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Biodiversity and Industry

Biodiversity and Industry (2008)

Recommendations of the meeting of the European Platform for Biodiversity Research Strategy held in Paris under the French Presidency of the EU 19–21 November, 2008 concerning:

 

BIODIVERSITY AND INDUSTRY

 

Acknowledging the high potential and responsibility of businesses to support the conservation and sustainable use of biodiversity and ecosystems, so as to not jeopardize the delivery of goods and services that they provide, and in line with the Message from Lisbon 1 the participants of the meeting invite companies and the research community to further develop and implement inter-disciplinary research to:

 

1-Integrate biodiversity maintenance into business practice and ethics

 

  • 1. develop performance indicators and accounting instruments with regard to the imperative to maintain biodiversity and ecosystem services, while respecting the legitimate viability constraints of businesses

 

  • 2. develop management strategies and marketing tools, such as biodiversity-oriented certification and labelling systems, to integrate the goals of the Convention of Biological Diversity into common business practices

 

  • 3. analyze the business-related prerequisites such as skills, competences, networks, and organisational learning that enable companies to make biodiversity-inclusive choices

 

  • 4. analyze existing and develop new incentive measures, regulating instruments and policies to guide businesses to better integrate concern for biodiversity into their strategies

 

  • 5. develop ecological, socio-economic and integrated models including product life cycle analysis to anticipate and manage the effects of businesses on ecosystems services and biodiversity.

 

2-Assess impact on biodiversity, valuation, mitigation and compensation

 

  • 6. develop impact assessment methodologies and compensation schemes that better take into account the cumulative effects of individual business activities, renewable natural capital 2 and the need for prudent management thereof now and in the future

 

  • 7. develop methods for risk assessment and accounting for damage incurred to ecosystem services exported across borders through trade and business activities, to avoid, diminish, and, if necessary, compensate for such damage

 

  • 8. further develop methods of accounting and discounting for changes in biodiversity and ecosystem services, taking into account issues of uncertainty about baselines and recovery rates of ecosystem services

 

  • 9. follow up on gaps in knowledge identified in forthcoming reports on The Economics of Ecosystems and Biodiversity (TEEB), for example the development of markets and payment systems for ecosystem services.

 

3-Improve the ability of ecological engineering and ecological restoration3 to benefit biodiversity and to use ecosystems sustainably

 

  • 10. further develop and test methods to allow businesses to restore, rehabilitate, create or engineer ecosystems to achieve a sustainable, optimal flow of goods and services to society, while recognizing opportunities for, and obligations in, the realm of biodiversity maintenance, and for avoiding or minimizing damage to biodiversity and ecosystem functioning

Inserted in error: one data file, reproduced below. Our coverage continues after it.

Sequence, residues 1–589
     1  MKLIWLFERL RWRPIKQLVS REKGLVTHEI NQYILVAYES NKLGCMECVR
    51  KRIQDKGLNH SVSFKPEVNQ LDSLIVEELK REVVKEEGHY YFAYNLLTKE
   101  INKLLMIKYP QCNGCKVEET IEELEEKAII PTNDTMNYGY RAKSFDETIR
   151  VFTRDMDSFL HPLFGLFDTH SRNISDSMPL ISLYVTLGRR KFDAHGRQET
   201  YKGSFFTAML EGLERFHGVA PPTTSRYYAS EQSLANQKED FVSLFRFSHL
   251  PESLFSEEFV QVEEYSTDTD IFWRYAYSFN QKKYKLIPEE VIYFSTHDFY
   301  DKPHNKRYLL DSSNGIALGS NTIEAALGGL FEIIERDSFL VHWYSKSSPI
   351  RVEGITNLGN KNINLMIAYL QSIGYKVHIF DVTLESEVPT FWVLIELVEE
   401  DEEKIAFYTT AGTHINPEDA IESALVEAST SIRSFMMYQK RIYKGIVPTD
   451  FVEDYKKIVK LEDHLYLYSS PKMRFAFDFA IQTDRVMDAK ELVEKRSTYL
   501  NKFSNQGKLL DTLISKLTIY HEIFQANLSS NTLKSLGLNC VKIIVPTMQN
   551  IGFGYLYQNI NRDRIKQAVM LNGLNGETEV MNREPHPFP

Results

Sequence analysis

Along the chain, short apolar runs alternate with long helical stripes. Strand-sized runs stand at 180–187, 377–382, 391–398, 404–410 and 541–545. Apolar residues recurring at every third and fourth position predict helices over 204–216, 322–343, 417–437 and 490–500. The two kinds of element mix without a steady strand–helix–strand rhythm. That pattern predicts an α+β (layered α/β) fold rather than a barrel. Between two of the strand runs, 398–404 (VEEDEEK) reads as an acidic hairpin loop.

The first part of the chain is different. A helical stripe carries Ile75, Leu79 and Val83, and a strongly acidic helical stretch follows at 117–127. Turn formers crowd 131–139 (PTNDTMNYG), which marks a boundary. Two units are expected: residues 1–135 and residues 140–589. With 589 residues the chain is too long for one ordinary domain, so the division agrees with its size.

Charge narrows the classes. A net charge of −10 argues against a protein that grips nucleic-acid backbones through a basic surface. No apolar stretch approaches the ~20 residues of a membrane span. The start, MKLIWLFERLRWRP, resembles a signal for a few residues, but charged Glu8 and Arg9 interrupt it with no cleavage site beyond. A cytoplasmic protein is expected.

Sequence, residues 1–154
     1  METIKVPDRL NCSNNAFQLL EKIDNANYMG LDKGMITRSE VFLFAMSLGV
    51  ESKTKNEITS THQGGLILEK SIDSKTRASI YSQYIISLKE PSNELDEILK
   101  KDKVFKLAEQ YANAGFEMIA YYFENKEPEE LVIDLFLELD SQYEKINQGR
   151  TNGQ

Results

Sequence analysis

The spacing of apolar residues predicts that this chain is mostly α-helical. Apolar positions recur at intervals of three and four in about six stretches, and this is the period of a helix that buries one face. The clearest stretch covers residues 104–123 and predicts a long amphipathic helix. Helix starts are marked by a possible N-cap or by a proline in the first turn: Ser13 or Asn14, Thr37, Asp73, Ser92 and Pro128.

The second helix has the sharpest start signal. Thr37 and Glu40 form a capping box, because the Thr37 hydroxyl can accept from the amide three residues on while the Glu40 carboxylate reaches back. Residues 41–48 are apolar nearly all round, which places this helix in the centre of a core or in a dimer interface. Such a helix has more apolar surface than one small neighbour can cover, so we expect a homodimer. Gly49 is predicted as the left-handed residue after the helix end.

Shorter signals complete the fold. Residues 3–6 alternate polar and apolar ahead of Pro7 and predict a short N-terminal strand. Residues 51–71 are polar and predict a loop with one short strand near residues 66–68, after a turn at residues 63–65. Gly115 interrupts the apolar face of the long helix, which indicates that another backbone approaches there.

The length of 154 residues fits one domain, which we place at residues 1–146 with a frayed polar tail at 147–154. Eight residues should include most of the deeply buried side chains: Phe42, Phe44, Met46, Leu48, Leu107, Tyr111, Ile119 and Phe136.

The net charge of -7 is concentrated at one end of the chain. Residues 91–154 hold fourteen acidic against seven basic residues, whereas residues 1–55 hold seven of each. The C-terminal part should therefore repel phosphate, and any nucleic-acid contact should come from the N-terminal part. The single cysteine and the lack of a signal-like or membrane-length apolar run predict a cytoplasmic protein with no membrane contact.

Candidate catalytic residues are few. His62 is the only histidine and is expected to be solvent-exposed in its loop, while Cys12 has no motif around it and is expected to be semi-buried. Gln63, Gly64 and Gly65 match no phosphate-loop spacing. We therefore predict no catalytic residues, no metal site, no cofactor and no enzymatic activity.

• 11. better understand how ecological processes and biodiversity can be managed or piloted to deliver essential goods and services sustainably to people, without degrading ecosystems and renewable natural capital

 

  • 12. identify new products and services derived from ecological restoration, rehabilitation or engineering, identify sectors in which there is a potential for these activities, and provide guidance on methods to develop markets in these areas

 

  • 13. identify incentives, and provide recommendations for their improvement, to encourage the use of ecological engineering, restoration and rehabilitation that benefit biodiversity conservation and sustainable ecosystem management, including methods for enterprises to present business cases and risk assessments that fully recognize the need for biodiversity maintenance and long-term maintenance of ecosystem services

 

  • 14. develop a standardized scientific, economic and policy framework for monitoring, evaluating and reporting, to provide coherent and comparable assessments of outcomes concerning biodiversity and the delivery of services required by enterprises.

 

 

To develop the necessary high quality and relevant research, particular attention should be paid to:

  • developing processes to identify and engage stakeholders, and identifying and agreeing desirable biodiversity outcomes (from aggregated effects at the landscape scale to genetic diversity) that are achievable in the context of enterprises’ activities.

 

  • supporting and developing Business and Biodiversity Initiatives, from the national to the European and global levels, using the above-mentioned multi-stakeholder approach.

 

 

LINE 

1 See the “Message from Lisbon on Business and Biodiversity, 13th of November 2007, http://www.maotdr.gov.pt/Admin/Files/Documents/Message%20From%20Lisbon.pdf

2 Renewable natural capital is defined as biodiversity and functioning ecosystems that provide a flow of goods and services to humans (Millennium Ecosystem Assessment, 2005)

3 Ecological engineering is here understood as the creation, modification or manipulation of ecosystems to achieve a desired state or outcome. Although some definitions of ecological engineering include the restoration of ecosystems, this field is mentioned separately due to its large subset of activities and financing opportunities relevant for business and industry.

 

 

 

 

last modified on 14 Dec 2012